Consequently, air temperature is locally high and low in the intake passage downstream of the air cleaner, causing convection and local densifying and thinning of the intake air, resulting in a turbulence of the intake air.

This undesirable state lasts long when the intake air flow rate is small as in the case of idling, because, as shown in FIG. 19A, the fresh air flows only through a local portion 103 of the air cleaner element 101.

Consequently, as shown in FIG. 19B, a non-uniform temperature distribution is developed over the air cleaner element 101 such that the temperature is lowest at the portion 103 and progressively gets higher as the distance from the portion 103 increases, so as to create a state T3>T2>T1. This non-uniform temperature distribution is maintained for a long time because of the accumulation of heat in the air cleaner element 101 during the engine-off period or idling.

The present inventors have confirmed, through an experiment, that a considerably long time, e.g., 10 minutes or longer, is required until uniform temperature distribution is recovered over the entire portion of the air cleaner element during parking or hill descending with the engine idling, after re-start of the engine following a short idling or engine-off period subsequent to long heavy load engine operation.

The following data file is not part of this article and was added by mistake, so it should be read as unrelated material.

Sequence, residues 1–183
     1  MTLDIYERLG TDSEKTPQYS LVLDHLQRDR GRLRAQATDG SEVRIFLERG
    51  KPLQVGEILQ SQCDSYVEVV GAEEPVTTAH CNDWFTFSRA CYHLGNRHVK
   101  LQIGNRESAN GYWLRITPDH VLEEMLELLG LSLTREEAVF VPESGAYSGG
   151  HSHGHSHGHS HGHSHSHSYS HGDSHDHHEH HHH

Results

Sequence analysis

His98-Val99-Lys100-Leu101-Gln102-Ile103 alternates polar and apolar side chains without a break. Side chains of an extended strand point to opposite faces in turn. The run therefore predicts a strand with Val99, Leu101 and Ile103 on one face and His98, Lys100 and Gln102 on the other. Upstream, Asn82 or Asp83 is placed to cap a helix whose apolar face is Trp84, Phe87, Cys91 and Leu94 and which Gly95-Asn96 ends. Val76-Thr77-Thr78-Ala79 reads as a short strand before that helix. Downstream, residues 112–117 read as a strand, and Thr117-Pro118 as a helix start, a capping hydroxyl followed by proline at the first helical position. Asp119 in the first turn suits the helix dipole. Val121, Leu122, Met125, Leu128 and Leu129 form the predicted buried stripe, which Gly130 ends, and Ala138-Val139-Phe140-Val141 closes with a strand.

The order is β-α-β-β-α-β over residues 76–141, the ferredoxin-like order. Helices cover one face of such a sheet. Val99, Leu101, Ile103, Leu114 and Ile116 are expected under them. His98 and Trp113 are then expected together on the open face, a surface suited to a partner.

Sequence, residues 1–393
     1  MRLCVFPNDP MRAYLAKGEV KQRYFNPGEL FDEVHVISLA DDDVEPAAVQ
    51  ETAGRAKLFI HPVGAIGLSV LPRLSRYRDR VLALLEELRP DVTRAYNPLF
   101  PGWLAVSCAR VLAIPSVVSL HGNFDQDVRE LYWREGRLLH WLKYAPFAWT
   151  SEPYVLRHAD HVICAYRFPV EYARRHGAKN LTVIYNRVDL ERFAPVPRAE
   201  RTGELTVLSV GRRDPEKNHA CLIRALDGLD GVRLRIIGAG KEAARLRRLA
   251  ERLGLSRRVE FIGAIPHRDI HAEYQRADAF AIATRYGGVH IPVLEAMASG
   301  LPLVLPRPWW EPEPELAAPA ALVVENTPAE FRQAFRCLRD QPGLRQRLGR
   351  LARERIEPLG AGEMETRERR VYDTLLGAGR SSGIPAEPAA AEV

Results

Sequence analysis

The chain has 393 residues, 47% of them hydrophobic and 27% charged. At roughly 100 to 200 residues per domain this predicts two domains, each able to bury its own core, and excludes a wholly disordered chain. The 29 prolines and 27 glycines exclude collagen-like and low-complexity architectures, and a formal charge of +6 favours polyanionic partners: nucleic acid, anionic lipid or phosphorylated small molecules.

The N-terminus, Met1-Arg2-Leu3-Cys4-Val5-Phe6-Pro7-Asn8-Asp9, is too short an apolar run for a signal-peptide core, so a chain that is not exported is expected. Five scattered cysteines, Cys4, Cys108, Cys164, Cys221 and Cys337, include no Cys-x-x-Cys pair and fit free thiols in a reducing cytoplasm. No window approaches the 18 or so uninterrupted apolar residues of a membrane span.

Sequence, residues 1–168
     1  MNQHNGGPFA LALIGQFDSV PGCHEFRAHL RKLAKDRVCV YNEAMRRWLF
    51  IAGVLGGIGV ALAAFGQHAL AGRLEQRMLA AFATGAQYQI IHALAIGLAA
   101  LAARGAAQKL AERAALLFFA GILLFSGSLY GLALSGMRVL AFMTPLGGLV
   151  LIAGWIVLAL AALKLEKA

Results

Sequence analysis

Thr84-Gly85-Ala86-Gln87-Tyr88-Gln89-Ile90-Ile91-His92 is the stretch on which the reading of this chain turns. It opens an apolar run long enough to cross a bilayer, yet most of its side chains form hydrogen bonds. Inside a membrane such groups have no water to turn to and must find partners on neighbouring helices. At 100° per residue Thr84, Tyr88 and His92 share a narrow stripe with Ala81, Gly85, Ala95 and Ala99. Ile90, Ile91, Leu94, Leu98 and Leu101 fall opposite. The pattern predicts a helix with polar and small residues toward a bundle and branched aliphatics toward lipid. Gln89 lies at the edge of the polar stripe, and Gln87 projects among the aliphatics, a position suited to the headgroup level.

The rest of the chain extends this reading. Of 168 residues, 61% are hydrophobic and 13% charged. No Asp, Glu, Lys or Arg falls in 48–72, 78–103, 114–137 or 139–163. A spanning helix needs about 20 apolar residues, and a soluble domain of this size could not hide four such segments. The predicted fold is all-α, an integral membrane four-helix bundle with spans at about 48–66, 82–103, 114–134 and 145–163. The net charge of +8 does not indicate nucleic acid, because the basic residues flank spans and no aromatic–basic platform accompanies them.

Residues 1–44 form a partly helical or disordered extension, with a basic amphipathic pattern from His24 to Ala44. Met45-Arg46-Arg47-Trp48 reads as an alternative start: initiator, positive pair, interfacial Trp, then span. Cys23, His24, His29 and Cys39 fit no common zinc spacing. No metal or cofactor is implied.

The non-uniform temperature distribution in the air cleaner element 101 causes, as explained above, turbulence in the flow of air due to convection and local densifying or thinning of the air. In such a case, the thermal air flowmeter responds to such turbulence of air flow, with the result being that a disturbance or ripple is caused in the output of the air flowmeter. In the conventional system, the fuel injection rate is determined on the basis of the air flow rate indicated by the output of the air flowmeter. Consequently, the ripple of the output of the air flowmeter causes a fluctuation of the fuel injection rate, resulting in a fluctuation in the air-fuel ratio or rough idling.